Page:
Prof Samir Kumar-Singh is a certified medical doctor with a doctorate in Pathology and a Master degree in Laboratory Animals. He is a full-time research professor of Molecular Pathology at the Faculty of Medicine, University of Antwerp, Belgium and is affiliated to the Vaccine and Infectious Disease Institute, Belgium. He has published a well-cited body of work on molecular pathology of cancer and neurodegeneration involving patient studies and mouse modelling. Professor Kumar-Singh serves on several review and editorial boards and international consortia. Since 2012, his group is engaged in studying the pathomechanism of hospital acquired pneumonia especially ventilator-associated pneumonia (VAP) and has developed several authentic rat and mouse VAP as well as acute and chronic pneumonia models to study disease pathogenesis and for biomarker discovery as well as high-throughput in vitro screens for new antimicrobial targets.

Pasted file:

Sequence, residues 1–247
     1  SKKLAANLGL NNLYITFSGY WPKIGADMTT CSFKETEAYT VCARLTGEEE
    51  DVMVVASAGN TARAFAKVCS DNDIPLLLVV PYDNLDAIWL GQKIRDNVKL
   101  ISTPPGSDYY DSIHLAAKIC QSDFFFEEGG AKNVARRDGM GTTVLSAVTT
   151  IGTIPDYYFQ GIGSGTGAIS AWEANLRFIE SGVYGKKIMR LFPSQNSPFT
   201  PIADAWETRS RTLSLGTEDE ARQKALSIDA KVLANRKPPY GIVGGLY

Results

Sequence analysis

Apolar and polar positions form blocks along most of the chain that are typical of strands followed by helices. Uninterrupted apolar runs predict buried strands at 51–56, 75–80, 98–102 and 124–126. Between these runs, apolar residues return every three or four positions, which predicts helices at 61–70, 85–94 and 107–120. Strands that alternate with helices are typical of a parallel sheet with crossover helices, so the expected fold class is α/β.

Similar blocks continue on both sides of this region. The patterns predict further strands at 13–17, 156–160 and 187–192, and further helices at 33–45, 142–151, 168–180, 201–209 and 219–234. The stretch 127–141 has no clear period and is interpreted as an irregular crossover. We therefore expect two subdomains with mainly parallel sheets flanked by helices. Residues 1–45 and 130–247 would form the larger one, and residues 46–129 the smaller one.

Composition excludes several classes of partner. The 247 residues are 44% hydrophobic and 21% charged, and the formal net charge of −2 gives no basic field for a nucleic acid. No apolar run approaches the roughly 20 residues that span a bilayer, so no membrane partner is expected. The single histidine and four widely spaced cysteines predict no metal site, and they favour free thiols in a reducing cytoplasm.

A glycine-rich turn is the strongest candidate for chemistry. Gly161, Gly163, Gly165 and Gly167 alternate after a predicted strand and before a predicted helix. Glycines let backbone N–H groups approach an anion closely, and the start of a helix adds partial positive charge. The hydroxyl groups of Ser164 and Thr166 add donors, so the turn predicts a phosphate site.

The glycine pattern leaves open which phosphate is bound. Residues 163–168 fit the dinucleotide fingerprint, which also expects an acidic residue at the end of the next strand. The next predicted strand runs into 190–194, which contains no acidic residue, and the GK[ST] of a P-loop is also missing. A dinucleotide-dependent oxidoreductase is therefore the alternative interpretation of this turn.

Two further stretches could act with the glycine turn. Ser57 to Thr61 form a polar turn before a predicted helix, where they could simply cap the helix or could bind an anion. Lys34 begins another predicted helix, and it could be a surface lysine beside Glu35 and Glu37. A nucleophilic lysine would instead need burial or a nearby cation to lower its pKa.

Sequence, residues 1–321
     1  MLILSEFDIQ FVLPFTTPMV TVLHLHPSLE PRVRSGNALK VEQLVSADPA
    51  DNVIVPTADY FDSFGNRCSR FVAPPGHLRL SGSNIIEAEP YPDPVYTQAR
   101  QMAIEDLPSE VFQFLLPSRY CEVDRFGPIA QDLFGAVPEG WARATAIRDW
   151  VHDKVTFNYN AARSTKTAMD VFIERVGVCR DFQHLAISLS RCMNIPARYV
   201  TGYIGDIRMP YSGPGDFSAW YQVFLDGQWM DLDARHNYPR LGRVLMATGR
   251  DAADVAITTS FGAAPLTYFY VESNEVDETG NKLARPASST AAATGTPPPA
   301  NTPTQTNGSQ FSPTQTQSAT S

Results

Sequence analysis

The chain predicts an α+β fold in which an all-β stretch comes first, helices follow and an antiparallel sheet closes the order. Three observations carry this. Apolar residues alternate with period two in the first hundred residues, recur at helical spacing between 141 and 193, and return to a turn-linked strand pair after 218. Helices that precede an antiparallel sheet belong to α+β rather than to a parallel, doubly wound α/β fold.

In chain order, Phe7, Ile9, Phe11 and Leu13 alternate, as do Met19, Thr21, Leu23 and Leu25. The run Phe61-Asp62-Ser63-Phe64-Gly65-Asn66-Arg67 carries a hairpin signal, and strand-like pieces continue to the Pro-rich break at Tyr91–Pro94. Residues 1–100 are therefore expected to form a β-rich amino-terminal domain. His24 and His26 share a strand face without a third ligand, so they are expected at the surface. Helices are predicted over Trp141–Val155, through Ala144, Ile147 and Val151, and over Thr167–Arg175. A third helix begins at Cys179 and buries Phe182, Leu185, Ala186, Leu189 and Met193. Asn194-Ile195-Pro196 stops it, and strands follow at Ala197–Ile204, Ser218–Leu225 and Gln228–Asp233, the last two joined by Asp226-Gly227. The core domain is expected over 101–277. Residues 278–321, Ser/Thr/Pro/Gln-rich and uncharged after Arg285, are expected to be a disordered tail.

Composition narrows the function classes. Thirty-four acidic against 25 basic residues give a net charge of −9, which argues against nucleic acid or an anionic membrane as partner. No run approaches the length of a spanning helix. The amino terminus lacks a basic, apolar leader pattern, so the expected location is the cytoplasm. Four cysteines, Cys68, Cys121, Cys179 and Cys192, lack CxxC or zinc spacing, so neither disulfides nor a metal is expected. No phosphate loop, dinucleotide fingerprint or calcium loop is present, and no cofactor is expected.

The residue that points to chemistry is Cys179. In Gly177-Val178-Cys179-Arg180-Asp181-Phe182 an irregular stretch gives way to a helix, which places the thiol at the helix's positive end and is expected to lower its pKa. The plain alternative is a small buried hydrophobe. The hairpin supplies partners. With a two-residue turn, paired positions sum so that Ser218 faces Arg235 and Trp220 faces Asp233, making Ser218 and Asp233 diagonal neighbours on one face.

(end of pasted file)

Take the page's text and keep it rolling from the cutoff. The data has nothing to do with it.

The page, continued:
P. aeruginosa is a unique organism able to grow in the harshest environments and is characterized by both a large genome as well as unique mechanisms that allow for enhanced genomic and metabolic plasticity making this organism a robust nosocomial pathogen equipped with a myriad of virulence factors as well as antibiotic resistance adaptations. Low-level exposure to antibiotics, both in hospital settings as well as from livestock and wastewater pollution showed that resistance selection and phenotypic alterations could already occur at sub-inhibitory concentrations. Using a multiplex labeling strategy followed by mass spectrometry, we showed a differential response of P. aeruginosa when challenged with sub-inhibitory concentrations of imipenem, colistin, cefepime and tobramycin by both laboratory strains as well as clinical isolates recovered from ventilator-associated pneumonia (VAP) patients. Low-level exposure to imipenem induced expression of AlgR and AlgC proteins that are known to be involved in biofilm formation as well as in regulating virulence and were observed to be most elevated in the laboratory strains. Moreover, Hcp1 and ClpV1, both main components of H1-type-6 secretion system were increased following imipenem exposure in all isolates used. Tobramycin on the other hand induced marked up-regulation of proteins involved in branched amino acid metabolism, electron transport chain proteins and superoxide dismutase indicating that tobramycin induces oxidative stress, a mechanism previously observed with E. coli. Cefepime and colistin only showed a marginal effect on protein expression at sub-inhibitory concentrations. The demonstration of a differential response of P. aeruginosa towards different antibiotic classes at sub-inhibitory concentrations gives us further insights in the potential resistance mechanisms and cellular physiology of this highly pathogenic bacterium and will be the focus of the talk.